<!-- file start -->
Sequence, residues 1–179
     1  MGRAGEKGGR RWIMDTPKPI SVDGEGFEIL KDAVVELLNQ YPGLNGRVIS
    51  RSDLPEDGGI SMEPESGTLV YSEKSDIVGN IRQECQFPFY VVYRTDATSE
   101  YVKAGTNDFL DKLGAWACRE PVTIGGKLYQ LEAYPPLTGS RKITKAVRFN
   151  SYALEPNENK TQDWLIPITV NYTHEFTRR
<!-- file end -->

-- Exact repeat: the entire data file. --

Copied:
Sequence, residues 1–179
     1  MGRAGEKGGR RWIMDTPKPI SVDGEGFEIL KDAVVELLNQ YPGLNGRVIS
    51  RSDLPEDGGI SMEPESGTLV YSEKSDIVGN IRQECQFPFY VVYRTDATSE
   101  YVKAGTNDFL DKLGAWACRE PVTIGGKLYQ LEAYPPLTGS RKITKAVRFN
   151  SYALEPNENK TQDWLIPITV NYTHEFTRR